One of the best things to be said of the stories in this volume is that, although they are not biographical, they are about real persons who actually lived and performed their parts in the great drama of the world’s history. Some of these persons were more famous than others, yet all have left enduring “footprints on the sands of time” and their names will not cease to be remembered. In each of the stories there is a basis of truth and an ethical lesson which cannot fail to have a wholesome influence; and each possesses elements of interest which, it is believed, will go far towards proving the fallibility of the doctrine that children find delight only in tales of the imaginative and unreal. The fact that there are a few more than fifty famous people mentioned in the volume may be credited to the author’s wish to give good measure.
One day in spring four men were riding on horseback along a country road. These men were lawyers, and they were going to the next town to attend court.
There had been a rain, and the ground was very soft. Water was dripping from the trees, and the grass was wet.
The four lawyers rode along, one behind another; for the pathway was narrow, and the mud on each side of it was deep. They rode slowly, and talked and laughed and were very jolly.
As they were passing through a grove of small trees, they heard a great fluttering over their heads and a feeble chirping in the grass by the roadside.
“Stith! stith! stith!” came from the leafy branches above them.
“Cheep! cheep! cheep!” came from the wet grass.
“What is the matter here?” asked the first lawyer, whose name was Speed.
“Oh, it’s only some old robins!” said the second lawyer, whose name was Hardin. “The storm has blown two of the little ones out of the nest. They are too young to fly, and the mother bird is making a great fuss about it.”
“What a pity! They’ll die down there in the grass,” said the third lawyer, whose name I forget.
“Oh, well! They’re nothing but birds,” said Mr. Hardin. “Why should we bother?”
“Yes, why should we?” said Mr. Speed.
The three men, as they passed, looked down and saw the little birds fluttering in the cold, wet grass. They saw the mother robin flying about, and crying to her mate.
Then they rode on, talking and laughing as before. In a few minutes they had forgotten about the birds.
But the fourth lawyer, whose name was Abraham Lincoln, stopped. He got down from his horse and very gently took the little ones up in his big warm hands.
They did not seem frightened, but chirped softly, as if they knew they were safe.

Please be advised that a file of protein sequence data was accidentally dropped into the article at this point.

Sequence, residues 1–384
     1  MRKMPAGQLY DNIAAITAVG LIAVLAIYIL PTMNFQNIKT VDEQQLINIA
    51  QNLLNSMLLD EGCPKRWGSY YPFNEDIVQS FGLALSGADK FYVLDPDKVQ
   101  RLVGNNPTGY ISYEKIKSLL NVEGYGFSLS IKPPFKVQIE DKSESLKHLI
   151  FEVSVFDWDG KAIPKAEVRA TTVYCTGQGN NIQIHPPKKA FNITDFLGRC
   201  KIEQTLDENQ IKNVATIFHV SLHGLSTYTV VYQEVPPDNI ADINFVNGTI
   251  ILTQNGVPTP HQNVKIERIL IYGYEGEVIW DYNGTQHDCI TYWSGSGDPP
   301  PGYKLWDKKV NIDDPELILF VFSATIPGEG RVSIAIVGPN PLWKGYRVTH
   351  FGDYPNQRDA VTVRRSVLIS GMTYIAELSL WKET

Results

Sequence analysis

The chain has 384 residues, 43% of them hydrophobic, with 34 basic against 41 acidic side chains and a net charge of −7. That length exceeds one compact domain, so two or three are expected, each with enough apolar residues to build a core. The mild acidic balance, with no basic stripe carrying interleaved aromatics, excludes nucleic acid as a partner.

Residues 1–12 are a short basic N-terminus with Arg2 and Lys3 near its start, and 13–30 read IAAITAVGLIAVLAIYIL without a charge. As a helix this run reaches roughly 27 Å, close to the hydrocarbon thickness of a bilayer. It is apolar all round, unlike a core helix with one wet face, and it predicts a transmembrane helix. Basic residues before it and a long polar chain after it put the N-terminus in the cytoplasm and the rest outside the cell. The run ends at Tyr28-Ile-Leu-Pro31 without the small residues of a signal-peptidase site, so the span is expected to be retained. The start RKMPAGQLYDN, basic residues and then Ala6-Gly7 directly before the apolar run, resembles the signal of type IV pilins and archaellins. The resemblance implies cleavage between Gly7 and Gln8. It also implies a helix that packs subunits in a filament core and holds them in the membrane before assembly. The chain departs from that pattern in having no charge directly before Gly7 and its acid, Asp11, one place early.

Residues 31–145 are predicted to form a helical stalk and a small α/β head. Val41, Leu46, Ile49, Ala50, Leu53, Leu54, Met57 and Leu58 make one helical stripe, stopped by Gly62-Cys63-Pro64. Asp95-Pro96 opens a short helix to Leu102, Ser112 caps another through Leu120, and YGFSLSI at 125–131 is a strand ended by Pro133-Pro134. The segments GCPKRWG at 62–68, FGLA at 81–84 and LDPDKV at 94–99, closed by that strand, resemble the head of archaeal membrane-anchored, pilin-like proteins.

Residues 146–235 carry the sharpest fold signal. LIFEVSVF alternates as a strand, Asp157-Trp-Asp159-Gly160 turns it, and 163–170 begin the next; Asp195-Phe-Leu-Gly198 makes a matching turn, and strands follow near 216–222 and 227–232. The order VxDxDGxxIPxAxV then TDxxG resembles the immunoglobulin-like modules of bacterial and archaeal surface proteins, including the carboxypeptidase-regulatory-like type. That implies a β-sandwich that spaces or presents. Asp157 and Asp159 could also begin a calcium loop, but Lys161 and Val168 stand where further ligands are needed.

“Never mind, my little fellows,” said Mr. Lincoln “I will put you in your own cozy little bed.”
Then he looked up to find the nest from which they had fallen. It was high, much higher than he could reach.
But Mr. Lincoln could climb. He had climbed many a tree when he was a boy. He put the birds softly, one by one, into their warm little home. Two other baby birds were there, that had not fallen out. All cuddled down together and were very happy.
Soon the three lawyers who had ridden ahead stopped at a spring to give their horses water.
“Where is Lincoln?” asked one.
All were surprised to find that he was not with them.
“Do you remember those birds?” said Mr. Speed. “Very likely he has stopped to take care of them.”
In a few minutes Mr. Lincoln joined them. His shoes were covered with mud; he had torn his coat on the thorny tree.
“Hello, Abraham!” said Mr. Hardin. “Where have you been?”
“I stopped a minute to give those birds to their mother,” he answered.
“Well, we always thought you were a hero,” said Mr. Speed. “Now we know it.”
Then all three of them laughed heartily. They thought it so foolish that a strong man should take so much trouble just for some worthless young birds.
“Gentlemen,” said Mr. Lincoln, “I could not have slept to-night, if I had left those helpless little robins to perish in the wet grass.”
Abraham Lincoln afterwards became very famous as a lawyer and statesman. He was elected president. Next to Washington he was the greatest American.
A great battle had begun. Cannon were booming, some far away, some near at hand. Soldiers were marching through the fields. Men on horseback were riding in haste toward the front.
“Whiz!” A cannon ball struck the ground quite near to a company of soldiers. But they marched straight onward. The drums were beating, the fifes were playing.
“Whiz!” Another cannon ball flew through the air and struck a tree near by. A brave general was riding across the field. One ball after another came whizzing near him.
“General, you are in danger here,” said an officer who was riding with him. “You had better fall back to a place of safety.”
But the general rode on.
Suddenly he stopped at the foot of a tree. “Halt!” he cried to the men who were with him. He leaped from his horse. He stooped and picked up a bird’s nest that had fallen upon the ground. In the nest were some tiny, half-fledged birds. Their mouths were open for the food they were expecting their mother to give them.
“I cannot think of leaving these little things here to be trampled upon,” said the general.
He lifted the nest gently and put it in a safe place in the forks of the tree.
“Whiz!” Another cannon ball.
He leaped into the saddle, and away he dashed with his officers close behind him.
“Whiz! whiz! whiz!”
He had done one good deed. He would do many more before the war was over.
“Boom! boom! boom!”
The cannon were roaring, the balls were flying, the battle was raging. But amid all the turmoil and danger, the little birds chirped happily in the safe shelter where the great general, Robert E. Lee, had placed them.
“He prayeth best, who loveth best
All things both great and small;
For the dear God who loveth us,
He made and loveth all.”
Two children, brother and sister, were on their way to school. Both were very small. The boy was only four years old, and the girl was not yet six.